Supply orders to the assembly factories were given only after orders were received. Over the years, Dell has grown sophisticated in streamlining the entire process of order-taking from customers, buying and assembling the components from its vendor network traversing the world, and dispatching to the customer on time. In contrast, all the other manufacturers sell through retailers. As a result, Dell has lower inventory levels than the others. In terms of the product, Dell should be most concerned about competition from HP as the latter has rapidly captured the market on the strength of the perception of the product.
HP has legacy supply chains with retailers and sellers that have enabled it to increase sales. However, the comparative levels of the retailer margins are not provided in the case hence it cannot be definitely said whether Dell has higher profitability than the others. Also, HP’ s products are superior in terms of the performance and flexibility attributes because it spends much more on R& D than Dell does. Dell has concentrated on lead-time management so that the company did not waste time in converting orders into supplies.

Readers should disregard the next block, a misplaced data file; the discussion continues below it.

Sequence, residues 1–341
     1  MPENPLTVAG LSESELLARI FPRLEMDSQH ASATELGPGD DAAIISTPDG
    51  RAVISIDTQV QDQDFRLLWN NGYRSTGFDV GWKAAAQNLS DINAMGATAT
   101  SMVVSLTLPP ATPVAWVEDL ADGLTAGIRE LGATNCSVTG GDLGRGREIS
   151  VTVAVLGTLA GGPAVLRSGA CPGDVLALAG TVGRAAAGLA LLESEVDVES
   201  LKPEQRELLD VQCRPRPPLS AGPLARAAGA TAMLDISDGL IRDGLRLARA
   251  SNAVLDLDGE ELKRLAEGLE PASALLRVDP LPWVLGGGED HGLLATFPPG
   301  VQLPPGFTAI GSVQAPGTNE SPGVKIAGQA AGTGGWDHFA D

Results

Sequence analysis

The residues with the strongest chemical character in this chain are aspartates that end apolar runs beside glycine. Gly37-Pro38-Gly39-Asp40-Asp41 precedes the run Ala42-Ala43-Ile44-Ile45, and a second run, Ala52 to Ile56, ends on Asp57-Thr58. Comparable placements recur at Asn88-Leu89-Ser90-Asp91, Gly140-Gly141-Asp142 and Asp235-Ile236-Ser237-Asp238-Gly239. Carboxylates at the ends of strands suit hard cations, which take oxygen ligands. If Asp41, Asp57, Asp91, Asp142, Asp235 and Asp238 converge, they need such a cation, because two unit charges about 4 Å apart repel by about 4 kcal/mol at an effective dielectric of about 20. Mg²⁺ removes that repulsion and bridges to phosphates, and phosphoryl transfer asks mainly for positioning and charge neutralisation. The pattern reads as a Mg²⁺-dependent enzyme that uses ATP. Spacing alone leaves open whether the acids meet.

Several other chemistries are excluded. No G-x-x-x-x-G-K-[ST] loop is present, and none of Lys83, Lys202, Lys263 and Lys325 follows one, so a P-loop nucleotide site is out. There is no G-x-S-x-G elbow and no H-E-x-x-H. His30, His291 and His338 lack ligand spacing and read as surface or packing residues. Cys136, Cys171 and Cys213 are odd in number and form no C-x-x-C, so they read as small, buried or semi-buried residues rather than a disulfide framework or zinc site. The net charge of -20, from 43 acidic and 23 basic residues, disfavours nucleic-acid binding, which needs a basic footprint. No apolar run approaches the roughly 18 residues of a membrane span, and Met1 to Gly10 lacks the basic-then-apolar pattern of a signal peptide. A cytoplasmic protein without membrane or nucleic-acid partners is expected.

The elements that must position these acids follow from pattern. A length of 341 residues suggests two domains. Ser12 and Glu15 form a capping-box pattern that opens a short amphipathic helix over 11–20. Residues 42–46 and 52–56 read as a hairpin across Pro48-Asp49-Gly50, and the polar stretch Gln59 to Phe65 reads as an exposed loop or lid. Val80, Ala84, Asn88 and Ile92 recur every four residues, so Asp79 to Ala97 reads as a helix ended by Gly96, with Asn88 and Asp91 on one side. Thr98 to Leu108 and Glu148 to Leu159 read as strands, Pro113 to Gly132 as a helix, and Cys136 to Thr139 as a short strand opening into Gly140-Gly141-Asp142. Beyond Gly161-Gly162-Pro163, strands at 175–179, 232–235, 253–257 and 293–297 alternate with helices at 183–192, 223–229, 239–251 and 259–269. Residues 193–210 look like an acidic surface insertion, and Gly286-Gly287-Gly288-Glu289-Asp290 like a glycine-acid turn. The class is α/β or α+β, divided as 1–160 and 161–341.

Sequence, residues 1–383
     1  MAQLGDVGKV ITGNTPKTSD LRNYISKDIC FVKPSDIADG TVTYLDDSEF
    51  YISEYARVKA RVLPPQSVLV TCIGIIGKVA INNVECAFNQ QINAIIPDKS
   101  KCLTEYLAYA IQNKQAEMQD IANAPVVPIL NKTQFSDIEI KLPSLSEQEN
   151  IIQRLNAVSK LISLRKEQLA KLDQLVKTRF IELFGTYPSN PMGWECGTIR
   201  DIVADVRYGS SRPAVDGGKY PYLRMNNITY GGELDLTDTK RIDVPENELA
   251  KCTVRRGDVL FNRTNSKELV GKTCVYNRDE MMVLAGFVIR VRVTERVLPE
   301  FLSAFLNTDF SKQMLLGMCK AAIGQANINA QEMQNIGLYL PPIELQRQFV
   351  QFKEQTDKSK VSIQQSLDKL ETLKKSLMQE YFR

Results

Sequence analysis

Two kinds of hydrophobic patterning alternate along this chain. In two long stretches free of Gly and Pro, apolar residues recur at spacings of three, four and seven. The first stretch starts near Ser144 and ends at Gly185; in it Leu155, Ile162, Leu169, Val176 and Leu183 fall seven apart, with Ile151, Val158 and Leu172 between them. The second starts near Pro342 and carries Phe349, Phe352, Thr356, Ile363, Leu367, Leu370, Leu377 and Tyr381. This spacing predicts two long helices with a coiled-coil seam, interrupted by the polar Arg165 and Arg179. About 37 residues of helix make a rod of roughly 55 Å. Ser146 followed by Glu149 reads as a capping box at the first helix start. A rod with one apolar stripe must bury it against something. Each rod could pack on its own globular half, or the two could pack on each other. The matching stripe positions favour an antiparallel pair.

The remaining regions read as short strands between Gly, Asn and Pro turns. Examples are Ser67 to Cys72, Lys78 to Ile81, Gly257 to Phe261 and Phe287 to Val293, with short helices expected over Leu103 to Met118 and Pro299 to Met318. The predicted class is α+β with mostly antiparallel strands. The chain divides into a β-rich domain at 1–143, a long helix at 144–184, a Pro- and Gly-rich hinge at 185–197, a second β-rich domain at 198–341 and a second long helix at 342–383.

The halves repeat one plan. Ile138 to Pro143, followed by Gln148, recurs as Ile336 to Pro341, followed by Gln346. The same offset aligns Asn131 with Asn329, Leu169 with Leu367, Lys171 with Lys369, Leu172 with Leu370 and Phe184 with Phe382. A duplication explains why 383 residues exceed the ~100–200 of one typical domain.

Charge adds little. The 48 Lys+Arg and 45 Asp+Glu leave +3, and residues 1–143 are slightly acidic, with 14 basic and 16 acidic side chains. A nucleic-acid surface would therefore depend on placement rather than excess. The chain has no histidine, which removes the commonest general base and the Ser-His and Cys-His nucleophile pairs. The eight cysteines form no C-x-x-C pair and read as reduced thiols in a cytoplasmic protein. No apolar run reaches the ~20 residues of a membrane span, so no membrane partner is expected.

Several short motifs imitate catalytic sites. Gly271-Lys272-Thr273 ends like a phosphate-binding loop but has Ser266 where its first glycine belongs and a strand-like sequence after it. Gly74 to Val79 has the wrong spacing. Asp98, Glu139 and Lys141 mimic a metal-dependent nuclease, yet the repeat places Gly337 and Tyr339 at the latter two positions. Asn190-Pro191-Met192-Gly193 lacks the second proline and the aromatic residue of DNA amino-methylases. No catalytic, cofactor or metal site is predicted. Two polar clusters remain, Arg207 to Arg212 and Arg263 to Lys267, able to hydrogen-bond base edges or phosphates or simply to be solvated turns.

At the same time, it did not need to hold on to unsold inventories or delays in supplying to customers. Besides, on the basis of its business strategy, it can meet the customers’ requirements exactly. The selling and marketing costs of Dell are lower than the competitors because it sells directly to the customers. Emerging Competition Dell is a relatively late entrant in the computer industry, with IBM and HP having the major market shares when Dell began production. That was why Dell innovated a different business strategy.